Iran Nuclear NewsMalware was aimed at five sites in Iran, report...

Malware was aimed at five sites in Iran, report says

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New York Times: The Stuxnet software worm repeatedly sought to infect five industrial facilities in Iran over a 10-month period, a new report says, in what could be a clue into how it might have infected the Iranian uranium enrichment complex at Natanz.

The New York Times

By JOHN MARKOFF

The Stuxnet software worm repeatedly sought to infect five industrial facilities in Iran over a 10-month period, a new report says, in what could be a clue into how it might have infected the Iranian uranium enrichment complex at Natanz.

The report, released Friday by Symantec, a computer security software firm, said there were three waves of attacks. Liam O Murchu, a security researcher at the firm, said his team was able to chart the path of the infection because of an unusual feature of the malware: Stuxnet recorded information on the location and type of each computer it infected.

Such information would allow the authors of Stuxnet to determine if they had successfully reached their intended target.By taking samples of Stuxnet they had collected from various computers, the researchers were able to build a model of the spread of the infection. They determined that 12,000 infections could be traced back to just five initial infection points.

Between June 2009 and May 2010, the program took aim at specific organizations in Iran on three occasions, Symantec research noted in an update of a research report the company published last year.

The Symantec team said they had collected five Internet domains that are linked to industrial organizations within Iran. They said because of the company’s privacy policies they would not disclose the domain names.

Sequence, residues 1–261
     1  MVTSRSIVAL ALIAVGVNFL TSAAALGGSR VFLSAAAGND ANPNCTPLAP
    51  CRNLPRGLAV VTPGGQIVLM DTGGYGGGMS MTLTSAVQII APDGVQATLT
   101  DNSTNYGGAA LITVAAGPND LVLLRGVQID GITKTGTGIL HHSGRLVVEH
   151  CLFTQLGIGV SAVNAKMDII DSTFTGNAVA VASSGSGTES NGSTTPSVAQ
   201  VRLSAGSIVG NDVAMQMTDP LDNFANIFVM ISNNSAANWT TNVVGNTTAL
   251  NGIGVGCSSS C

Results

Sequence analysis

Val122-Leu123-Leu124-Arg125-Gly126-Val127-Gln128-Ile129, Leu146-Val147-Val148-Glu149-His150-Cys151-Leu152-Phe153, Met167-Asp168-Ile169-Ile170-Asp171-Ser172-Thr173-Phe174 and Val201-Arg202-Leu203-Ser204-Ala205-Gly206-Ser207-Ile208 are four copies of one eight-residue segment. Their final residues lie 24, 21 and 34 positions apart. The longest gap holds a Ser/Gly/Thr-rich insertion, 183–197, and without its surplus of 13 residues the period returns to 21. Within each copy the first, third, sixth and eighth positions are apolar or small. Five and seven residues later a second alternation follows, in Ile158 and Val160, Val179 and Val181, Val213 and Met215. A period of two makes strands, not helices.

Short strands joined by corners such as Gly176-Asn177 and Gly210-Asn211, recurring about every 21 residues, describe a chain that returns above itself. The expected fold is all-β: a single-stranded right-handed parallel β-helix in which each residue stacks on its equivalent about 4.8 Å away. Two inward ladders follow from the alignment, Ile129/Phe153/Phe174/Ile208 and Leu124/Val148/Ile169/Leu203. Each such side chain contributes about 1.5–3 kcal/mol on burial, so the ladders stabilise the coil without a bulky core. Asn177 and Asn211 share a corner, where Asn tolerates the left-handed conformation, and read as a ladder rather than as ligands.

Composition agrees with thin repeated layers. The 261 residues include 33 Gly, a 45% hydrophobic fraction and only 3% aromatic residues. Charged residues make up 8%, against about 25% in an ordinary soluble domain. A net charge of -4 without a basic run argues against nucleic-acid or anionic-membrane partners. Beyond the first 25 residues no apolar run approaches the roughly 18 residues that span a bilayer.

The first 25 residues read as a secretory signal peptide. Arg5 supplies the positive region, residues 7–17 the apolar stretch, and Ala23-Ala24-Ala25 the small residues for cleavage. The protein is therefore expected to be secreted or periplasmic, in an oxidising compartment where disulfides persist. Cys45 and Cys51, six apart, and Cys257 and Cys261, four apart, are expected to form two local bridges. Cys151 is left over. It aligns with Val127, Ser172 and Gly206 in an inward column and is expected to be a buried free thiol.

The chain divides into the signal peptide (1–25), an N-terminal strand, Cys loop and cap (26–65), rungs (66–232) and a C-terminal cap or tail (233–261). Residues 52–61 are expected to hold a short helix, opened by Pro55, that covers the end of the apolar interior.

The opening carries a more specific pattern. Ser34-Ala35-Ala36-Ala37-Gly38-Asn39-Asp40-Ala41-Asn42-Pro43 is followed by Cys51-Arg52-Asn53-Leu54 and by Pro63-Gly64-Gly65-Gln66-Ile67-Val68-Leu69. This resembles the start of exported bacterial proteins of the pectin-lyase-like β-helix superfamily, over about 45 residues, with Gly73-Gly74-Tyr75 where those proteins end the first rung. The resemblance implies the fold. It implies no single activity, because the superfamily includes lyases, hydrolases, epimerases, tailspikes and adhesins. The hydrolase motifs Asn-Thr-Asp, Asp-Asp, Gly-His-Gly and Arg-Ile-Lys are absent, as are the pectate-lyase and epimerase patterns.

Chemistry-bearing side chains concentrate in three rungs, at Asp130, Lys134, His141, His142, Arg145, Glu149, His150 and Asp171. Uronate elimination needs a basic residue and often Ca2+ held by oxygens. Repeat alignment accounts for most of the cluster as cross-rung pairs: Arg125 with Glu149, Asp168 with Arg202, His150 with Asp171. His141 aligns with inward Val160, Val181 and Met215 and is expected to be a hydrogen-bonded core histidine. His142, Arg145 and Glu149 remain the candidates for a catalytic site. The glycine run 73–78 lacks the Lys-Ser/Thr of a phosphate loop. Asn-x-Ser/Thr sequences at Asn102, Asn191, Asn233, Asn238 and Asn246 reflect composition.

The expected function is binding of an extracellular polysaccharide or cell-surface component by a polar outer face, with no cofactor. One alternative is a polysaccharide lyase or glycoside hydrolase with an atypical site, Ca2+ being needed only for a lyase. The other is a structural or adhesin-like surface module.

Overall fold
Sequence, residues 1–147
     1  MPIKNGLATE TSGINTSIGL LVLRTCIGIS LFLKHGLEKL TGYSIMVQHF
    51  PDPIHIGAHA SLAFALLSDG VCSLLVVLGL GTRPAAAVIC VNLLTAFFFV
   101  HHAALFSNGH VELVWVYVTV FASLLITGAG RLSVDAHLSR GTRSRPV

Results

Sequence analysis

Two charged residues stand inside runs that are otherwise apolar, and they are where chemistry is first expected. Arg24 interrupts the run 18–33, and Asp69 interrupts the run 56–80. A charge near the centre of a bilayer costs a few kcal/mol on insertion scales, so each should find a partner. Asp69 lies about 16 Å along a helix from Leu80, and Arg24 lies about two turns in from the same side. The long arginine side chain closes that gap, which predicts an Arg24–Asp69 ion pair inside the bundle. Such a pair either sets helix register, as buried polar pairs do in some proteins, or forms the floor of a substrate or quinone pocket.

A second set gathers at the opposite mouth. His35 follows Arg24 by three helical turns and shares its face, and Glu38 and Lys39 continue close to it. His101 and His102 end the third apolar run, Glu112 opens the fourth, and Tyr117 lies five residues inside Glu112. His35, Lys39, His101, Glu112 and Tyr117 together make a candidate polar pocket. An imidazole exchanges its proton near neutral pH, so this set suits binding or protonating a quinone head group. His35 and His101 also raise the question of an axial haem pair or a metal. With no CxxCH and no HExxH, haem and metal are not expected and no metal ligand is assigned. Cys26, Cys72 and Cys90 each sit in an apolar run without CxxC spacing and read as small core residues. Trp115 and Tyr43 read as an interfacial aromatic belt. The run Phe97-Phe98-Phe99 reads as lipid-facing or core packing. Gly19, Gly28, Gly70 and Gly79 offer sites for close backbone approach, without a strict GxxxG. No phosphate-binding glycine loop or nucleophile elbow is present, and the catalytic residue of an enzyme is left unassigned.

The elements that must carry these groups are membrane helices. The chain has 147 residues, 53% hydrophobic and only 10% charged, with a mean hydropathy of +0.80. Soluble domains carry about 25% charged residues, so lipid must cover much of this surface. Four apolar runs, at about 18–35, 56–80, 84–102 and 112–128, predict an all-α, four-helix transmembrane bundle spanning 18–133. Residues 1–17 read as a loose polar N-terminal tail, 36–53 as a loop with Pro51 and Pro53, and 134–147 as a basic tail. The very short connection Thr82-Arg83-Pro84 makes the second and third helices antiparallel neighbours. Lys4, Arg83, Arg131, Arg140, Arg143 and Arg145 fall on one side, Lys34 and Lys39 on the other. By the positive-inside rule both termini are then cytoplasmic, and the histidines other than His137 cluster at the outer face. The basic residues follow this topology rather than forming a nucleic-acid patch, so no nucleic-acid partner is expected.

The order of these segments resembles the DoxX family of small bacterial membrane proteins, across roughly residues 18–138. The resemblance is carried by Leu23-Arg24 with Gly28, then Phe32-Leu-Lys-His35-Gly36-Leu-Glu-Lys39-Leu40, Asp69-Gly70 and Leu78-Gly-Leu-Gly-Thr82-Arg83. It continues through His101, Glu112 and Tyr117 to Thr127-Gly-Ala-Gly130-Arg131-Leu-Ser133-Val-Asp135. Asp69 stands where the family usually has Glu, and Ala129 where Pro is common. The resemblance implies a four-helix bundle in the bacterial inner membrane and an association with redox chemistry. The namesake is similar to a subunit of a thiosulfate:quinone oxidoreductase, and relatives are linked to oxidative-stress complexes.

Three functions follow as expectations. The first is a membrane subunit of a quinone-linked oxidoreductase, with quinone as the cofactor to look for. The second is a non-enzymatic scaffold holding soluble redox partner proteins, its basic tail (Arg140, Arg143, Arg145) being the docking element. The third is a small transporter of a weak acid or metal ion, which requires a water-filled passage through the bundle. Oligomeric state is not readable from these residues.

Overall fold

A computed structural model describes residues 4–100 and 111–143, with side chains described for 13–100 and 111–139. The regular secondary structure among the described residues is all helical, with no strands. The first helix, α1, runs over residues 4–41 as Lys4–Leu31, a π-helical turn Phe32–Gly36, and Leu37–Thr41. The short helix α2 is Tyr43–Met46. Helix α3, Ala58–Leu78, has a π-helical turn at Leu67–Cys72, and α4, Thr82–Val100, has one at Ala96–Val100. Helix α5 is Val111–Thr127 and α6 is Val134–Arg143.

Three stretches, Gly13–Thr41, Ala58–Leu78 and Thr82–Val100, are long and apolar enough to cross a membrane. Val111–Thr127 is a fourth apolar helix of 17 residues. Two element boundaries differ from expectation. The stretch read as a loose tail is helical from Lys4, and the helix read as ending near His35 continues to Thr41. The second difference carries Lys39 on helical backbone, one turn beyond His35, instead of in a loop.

“All of the domains are involved in industrial processing,” Mr. O Murchu said in an interview.

It is likely that a classified site like Natanz is not connected directly to the Internet. Therefore, an attacker might try to infect industrial organizations that would be likely to share information, and the malware, with Natanz.

There were probably at least three and possibly four versions of the program written, and the researchers discovered that the first version had been completed just 12 hours before the first successful infection in June 2009. The researchers speculated that the first step in the infection was either an infected e-mail message sent to an intended victim or a hand carried USB disk that carried the attack code.

When international inspectors visited Natanz in late 2009, they found that almost 1,000 gas centrifuges had been taken off-line, leading to speculation that the attack may have disabled a portion of the complex.

In April 2010 the attackers again attempted to distribute the program. This time they found a new vulnerability in Windows-based computers to be infected with a USB device and most likely successfully inserted the program that way at an unknown location inside Iran.

The Symantec researchers also said they had determined that the malware program carried two different attack modules aimed at different centrifuge arrays, but that one of them had been disabled.

Stuxnet first infected Windows-based industrial control computers while it hunted for particular types of equipment made by the Siemens Corporation. It was programmed to then damage a uranium centrifuge array by repeatedly speeding it up, while at the same time hiding its attack from the control computers by sending false information to displays that monitored the system.

The New York Times reported in January that Israel had built an elaborate test facility at a classified nuclear weapons site that contained a replica array of the Iranian uranium enrichment plant. Such a test site would have been necessary for the design of the attack software.

“We know the exact configuration of the system they were looking for,” said Mr. O Murchu. “We know they were looking for a certain number of frequency converters. And each of those frequency converters controls a certain number of motors. And those numbers fit in with what you expect to see in an uranium enrichment facility.”

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